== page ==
A sure sign of Googles ascendancy in the technology firmament is the swooshing sound of black helicopters circling the search services impending IPO. Conspiracy theories—once the province of Bill Gates, Steve Ballmer, Scott McNealy or Larry Ellison—now hover over Sergei Brin and Larry Pages latest experiment-cum-product, Gmail.
The issue: Gmails free Web mail service threatens to consolidate too much power over personal data in one repository—the free gigabyte of storage. What worries privacy groups and some public officials most is Googles opportunity to extend its dominance of search to e-mail, social networks and who knows what else.
“It started as an experiment to see if our search could be used on e-mail,” Google co-founder Brin told me. The technology was first applied to his own e-mail, he said. Gmail effectively converts e-mail into Web pages that can be indexed and organized by Googles array of servers.
Critics fear that blending Gmail and Google would tie searches to a persons identity, something recorded by Gmail but not by Googles search servers. Brin, however, sought to allay these concerns: “Theyre the same kind of servers, but theyre … in separate clusters.” He would like to be able to integrate services while protecting privacy so that, say, an Orkut social network user or a Google searcher could be notified of the arrival of new messages.
Gmail shifts the basis for organizing an in-box from metadata and hard-coded folders to interactive searches and virtual folders. You can attach multiple labels to messages and trigger rules that automatically apply those labels to similar incoming content. In addition, Brin has been talking to the Google development team about adding macro capabilities to run favorite searches.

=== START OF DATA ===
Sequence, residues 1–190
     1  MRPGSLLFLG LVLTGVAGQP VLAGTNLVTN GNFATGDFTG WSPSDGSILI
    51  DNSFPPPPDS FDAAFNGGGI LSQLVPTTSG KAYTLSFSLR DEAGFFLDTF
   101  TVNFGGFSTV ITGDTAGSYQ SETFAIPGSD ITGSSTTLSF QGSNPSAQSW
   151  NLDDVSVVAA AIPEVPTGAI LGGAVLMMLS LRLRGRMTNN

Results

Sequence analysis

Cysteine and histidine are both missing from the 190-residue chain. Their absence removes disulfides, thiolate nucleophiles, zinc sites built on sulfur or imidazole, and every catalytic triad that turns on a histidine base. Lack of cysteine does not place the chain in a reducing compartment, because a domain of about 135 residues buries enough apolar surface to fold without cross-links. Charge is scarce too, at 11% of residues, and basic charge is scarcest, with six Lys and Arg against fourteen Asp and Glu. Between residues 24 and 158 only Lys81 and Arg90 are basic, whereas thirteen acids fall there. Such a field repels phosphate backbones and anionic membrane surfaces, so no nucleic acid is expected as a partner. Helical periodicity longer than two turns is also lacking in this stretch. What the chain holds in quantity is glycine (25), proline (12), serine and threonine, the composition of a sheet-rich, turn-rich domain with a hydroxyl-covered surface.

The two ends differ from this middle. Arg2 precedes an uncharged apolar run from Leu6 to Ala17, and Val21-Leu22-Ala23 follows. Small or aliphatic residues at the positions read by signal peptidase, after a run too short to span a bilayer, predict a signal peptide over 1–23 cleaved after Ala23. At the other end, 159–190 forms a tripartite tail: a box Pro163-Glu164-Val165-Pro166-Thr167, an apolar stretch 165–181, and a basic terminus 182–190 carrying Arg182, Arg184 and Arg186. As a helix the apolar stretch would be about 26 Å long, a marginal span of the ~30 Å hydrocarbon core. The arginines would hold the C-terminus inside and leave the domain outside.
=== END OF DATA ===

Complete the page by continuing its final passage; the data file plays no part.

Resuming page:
Adding an API for macros would go a long way toward converting Gmail from a frontal attack on Yahoo and MSN mail offerings to a powerful enterprise platform. “We initially wanted to make sure we had something that was definitely better than all Web mail services,” Brin said. “And perhaps, just perhaps, it will also be good enough for a lot of people to use instead of a corporate mail service.”
By the time the Gmail beta period ends in three to six months, Brin and his team have promised to enable forwarding and POP3 access. However, more is required of a corporate mail service. Those capabilities must be extended to allow Gmail to provide disconnected operation and IDE for packaged applications. Even better would be a link between Gmails Conversation View, where threaded messages are collected and stacked together, and related RSS affinity groups.
In fact, Gmail would make a great container for an RSS information router. In the same way you can print a conversation in Gmail, I suggested to Brin, you could also print to RSS. “Yeah,” he said, “thats a very interesting idea.”
Contributing Editor Steve Gillmor is editor of eWEEK.coms Messaging and Collaboration Center. He can be reached at email@example.com.
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